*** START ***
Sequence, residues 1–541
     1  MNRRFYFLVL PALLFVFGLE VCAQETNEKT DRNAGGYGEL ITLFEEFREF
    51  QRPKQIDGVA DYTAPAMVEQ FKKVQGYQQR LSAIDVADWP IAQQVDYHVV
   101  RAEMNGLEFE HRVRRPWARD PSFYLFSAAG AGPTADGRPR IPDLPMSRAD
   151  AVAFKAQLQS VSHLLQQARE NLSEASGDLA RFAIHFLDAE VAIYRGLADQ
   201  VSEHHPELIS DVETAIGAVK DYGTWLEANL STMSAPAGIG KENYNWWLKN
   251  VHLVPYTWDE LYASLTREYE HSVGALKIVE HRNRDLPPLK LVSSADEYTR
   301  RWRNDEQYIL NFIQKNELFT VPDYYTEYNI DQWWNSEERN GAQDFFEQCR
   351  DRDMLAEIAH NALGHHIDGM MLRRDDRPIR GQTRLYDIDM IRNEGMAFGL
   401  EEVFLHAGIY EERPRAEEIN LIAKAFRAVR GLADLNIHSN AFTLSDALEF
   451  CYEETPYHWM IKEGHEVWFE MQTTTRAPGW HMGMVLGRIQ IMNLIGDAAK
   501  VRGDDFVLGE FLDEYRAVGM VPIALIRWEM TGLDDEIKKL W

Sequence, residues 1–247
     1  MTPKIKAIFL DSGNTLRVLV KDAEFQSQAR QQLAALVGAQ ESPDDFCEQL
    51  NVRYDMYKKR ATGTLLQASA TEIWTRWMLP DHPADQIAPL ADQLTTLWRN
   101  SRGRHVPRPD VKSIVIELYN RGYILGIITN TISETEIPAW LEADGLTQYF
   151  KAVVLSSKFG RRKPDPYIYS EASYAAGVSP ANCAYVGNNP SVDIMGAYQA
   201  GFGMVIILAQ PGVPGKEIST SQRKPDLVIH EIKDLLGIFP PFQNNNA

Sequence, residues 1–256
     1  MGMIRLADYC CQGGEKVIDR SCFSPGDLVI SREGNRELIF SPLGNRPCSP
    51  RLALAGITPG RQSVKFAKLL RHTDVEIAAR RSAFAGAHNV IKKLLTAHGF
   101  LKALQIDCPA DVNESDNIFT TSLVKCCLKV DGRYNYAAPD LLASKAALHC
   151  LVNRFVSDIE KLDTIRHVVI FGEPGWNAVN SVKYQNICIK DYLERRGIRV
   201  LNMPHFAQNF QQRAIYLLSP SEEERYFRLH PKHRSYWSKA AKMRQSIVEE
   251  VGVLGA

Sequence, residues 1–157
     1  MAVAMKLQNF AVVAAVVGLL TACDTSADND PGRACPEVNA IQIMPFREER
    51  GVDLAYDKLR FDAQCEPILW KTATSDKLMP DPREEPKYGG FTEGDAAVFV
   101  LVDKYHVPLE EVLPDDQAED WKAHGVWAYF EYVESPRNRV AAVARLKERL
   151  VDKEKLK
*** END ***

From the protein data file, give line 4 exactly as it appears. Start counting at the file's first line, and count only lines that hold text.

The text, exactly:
   101  RAEMNGLEFE HRVRRPWARD PSFYLFSAAG AGPTADGRPR IPDLPMSRAD